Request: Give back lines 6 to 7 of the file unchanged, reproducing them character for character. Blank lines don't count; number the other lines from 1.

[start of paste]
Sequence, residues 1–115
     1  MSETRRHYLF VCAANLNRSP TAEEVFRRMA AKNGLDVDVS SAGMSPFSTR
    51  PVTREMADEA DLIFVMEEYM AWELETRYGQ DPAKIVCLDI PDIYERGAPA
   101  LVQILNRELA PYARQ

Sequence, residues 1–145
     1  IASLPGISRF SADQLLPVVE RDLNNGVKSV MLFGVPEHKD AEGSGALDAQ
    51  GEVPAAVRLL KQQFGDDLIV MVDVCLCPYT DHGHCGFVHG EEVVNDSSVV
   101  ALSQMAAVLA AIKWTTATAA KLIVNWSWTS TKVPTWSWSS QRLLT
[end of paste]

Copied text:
     1  IASLPGISRF SADQLLPVVE RDLNNGVKSV MLFGVPEHKD AEGSGALDAQ
    51  GEVPAAVRLL KQQFGDDLIV MVDVCLCPYT DHGHCGFVHG EEVVNDSSVV